One of the hardest things about classical music translation is the nature of music criticism in Japan. My impression, over the years, is that rather than striving to explain things in as simple terms as possible, Japanese music critics tend to use their writing as a tool for highlighting their own erudition and intellect. They do this by using obscure vocabulary, difficult kanji and long sentences, and by writing texts which are abstract in the extreme (sometimes bordering on incomprehensibility) which only serve to compound the mystique of music instead of deconstructing it.
Here are some examples:
In English this became:
The aim of the composer, making use of the player’s own voice and such unusual composition techniques as multiphonics and quarter-tones, was to put the performer in an extreme situation in which there is no dividing line between the instrument and the human body.
Here, no attempt is made to explain the meaning of the German term “Sturm und Drang” which probably means nothing to the average reader. I suspect that it is far more impressive to say “this sonata was composed in 1766, the start of Haydn’s ‘Sturm und Drang’ period” than to say simply “this sonata was composed in 1766”.
An example of a long and rather verbose sentence:
By far the worst cases are when composers write program notes about their own, usually highly avant-garde compositions.
In an attempt to create an actual sublation (Aufheben), the particles of smoke extracted from the “black milk of dawn” each create a complete scale (mode), spellbinding the space while perpetually changing speed. I really wanted to add my prayer for sanctification through becoming a time particle at the end of the rise of “the black milk of dawn”.
The jury is still out as to whether this kind of writing represents the height of genius or the height of pretentiousness, but from the point of view of getting the job done, “chokuyaku” is the only option in cases like these.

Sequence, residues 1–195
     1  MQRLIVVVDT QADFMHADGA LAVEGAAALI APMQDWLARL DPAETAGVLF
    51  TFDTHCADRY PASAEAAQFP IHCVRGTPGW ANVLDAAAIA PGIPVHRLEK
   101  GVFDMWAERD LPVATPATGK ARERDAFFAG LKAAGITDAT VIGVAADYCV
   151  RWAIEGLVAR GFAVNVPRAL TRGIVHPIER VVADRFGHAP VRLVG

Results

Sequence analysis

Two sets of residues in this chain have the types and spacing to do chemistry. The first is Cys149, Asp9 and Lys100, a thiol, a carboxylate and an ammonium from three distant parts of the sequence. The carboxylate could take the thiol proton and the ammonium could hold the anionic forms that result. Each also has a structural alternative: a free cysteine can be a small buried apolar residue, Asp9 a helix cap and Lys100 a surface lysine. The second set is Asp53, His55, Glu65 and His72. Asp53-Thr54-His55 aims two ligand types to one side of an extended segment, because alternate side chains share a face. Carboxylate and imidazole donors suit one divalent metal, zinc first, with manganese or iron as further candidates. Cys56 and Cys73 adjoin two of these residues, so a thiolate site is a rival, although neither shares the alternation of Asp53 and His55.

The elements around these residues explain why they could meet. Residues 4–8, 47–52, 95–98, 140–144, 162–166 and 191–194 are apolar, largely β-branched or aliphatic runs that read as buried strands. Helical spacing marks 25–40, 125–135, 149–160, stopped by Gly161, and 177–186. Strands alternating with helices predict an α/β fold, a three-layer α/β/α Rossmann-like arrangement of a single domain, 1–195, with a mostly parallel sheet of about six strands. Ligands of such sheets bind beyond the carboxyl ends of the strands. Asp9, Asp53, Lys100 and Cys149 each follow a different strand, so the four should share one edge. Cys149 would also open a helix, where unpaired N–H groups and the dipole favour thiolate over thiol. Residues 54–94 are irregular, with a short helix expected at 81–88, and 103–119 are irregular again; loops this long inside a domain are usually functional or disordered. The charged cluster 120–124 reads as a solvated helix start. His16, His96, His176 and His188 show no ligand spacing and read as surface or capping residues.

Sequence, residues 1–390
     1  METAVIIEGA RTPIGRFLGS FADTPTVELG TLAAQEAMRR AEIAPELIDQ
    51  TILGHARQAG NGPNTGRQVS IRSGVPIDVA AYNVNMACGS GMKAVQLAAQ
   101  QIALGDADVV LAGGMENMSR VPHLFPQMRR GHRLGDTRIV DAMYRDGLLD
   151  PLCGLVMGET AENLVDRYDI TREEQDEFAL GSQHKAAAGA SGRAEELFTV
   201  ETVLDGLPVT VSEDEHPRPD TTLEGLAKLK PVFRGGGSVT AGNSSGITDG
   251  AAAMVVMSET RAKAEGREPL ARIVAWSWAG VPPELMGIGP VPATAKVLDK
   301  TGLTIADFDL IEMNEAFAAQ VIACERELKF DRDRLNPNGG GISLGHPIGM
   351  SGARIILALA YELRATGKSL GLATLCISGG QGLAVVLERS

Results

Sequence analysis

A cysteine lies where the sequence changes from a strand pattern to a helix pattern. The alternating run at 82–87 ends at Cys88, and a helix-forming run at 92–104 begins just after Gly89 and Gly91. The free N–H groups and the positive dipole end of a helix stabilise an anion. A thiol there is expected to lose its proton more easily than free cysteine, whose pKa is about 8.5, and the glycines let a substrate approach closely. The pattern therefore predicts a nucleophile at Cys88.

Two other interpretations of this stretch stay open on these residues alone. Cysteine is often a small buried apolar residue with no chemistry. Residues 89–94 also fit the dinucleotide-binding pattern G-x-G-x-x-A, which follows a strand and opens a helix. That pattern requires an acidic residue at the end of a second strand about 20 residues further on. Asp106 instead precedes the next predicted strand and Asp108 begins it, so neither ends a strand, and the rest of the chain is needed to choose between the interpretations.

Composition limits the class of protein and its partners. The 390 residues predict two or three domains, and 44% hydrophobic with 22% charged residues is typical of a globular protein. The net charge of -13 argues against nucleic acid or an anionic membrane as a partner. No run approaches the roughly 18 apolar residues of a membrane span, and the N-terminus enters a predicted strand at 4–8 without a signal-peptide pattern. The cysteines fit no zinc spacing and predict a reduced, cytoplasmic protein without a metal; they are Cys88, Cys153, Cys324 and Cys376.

I actually got into this whole area through interpreting, when I was asked by my piano tuner, who knew I was a (fairly) accomplished amateur pianist with a wide knowledge of music, to interpret for a visiting concert pianist who was going to give master classes and private lessons during an upcoming concert tour of Japan. Until I left Japan, that particular pianist made fairly lengthy visits on a further six or seven occasions, and I was invariably hauled in to interpret for his increasingly numerous lessons. On one occasion he made a couple of recordings, and I was asked to translate the program notes, and from that time I have done all the program notes for that particular record company and occasional ones from other companies as well.
Interpreting for piano lessons is not really different from any other interpreting job, except that phenomenal accuracy in conveying nuances is of paramount importance as the changes required in the student’s playing are often extremely subtle. Because of this, I think that only an interpreter who is also a player can do the job satisfactorily. Another thing is that a six-foot tall foreign pianist can be extremely forbidding for a petrified Japanese student, so as interpreter I also had to play the role of “comforter”, softening the edges of the pianist’s sometimes rather sharp comments. Once, I remember the pianist told an unfortunate student that her fortissimo was “horrible”, which I translated as 「もう少しやわらかく弾いてください」because I knew that a more direct translation would probably send her off in fits of tears!
Another difficulty in that particular case was that the pianist in question was Russian, with rich but rather chaotic English, so understanding what he was getting at was sometimes quite a challenge. He had learnt English through reading and knew an amazing number of difficult words but often stumbled over basic ones. On one occasion, after freely using words like “undulation” and “penetrating”, he asked: “what do you call the square, glass thing in a wall?”